Contagious eruptive viral disease of cloven-hoofed mammals, characterized by blisters in the mouth and around the hooves. In cattle it causes deterioration of milk yield and abortions. It is an airborne virus, which makes its eradication extremely difficult.
In the UK, affected herds are destroyed; inoculation is practised in Europe and the USA. The existing vaccine for the disease leaves vaccinated animals as carriers that can infect those animals that remain unvaccinated, and a more effective vaccine is under development in the USA.
Despite health scares, a report in 2001 stated that there had only been 40 confirmed cases of foot-and-mouth disease in humans worldwide.
In February 2001, an outbreak of foot-and-mouth spread rapidly across the UK. By March, cases were discovered in France, Ireland, and the Netherlands. Severe restrictions on the movement of livestock were imposed across Europe; many countries banned imports of British and French meat, and some banned imports from all European Union countries. By the end of June 2001, over 5 million animals in the UK had been slaughtered due to the foot-and-mouth outbreak. The outbreak was the worst in world history.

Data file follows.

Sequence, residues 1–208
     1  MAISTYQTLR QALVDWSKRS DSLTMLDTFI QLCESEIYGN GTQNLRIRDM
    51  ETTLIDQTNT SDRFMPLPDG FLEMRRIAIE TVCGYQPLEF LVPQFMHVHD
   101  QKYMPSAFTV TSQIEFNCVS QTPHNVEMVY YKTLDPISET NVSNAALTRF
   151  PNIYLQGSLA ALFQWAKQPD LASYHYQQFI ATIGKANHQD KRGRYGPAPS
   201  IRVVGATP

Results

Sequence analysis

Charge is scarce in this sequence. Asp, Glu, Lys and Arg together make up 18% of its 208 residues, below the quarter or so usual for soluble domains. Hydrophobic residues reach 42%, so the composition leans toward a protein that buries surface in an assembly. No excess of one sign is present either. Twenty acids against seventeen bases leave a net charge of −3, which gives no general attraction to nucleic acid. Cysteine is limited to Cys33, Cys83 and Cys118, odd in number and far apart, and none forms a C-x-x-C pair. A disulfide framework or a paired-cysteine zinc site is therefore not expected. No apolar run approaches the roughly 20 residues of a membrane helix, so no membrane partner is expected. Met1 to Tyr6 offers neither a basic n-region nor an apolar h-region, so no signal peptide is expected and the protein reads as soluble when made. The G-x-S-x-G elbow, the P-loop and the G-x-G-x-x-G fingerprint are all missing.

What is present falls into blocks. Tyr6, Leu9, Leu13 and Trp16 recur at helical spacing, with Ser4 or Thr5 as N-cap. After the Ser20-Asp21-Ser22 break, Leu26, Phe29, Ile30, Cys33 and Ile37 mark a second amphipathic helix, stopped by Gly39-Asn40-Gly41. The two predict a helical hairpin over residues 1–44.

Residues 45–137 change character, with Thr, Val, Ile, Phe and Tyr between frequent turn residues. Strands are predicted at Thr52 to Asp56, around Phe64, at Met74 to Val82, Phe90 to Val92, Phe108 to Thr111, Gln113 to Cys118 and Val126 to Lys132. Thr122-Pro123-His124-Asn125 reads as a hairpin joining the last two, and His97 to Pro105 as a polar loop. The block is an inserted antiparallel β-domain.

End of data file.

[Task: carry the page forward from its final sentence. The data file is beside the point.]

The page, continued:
The effect of the 2001 outbreak, the first in the UK since 1967, was devastating. Livestock, meat, and dairy exports were banned; much of the countryside was virtually shut down, seriously affecting the tourist industry; and many sports fixtures were cancelled. The UK was declared foot-and-mouth free in January 2002.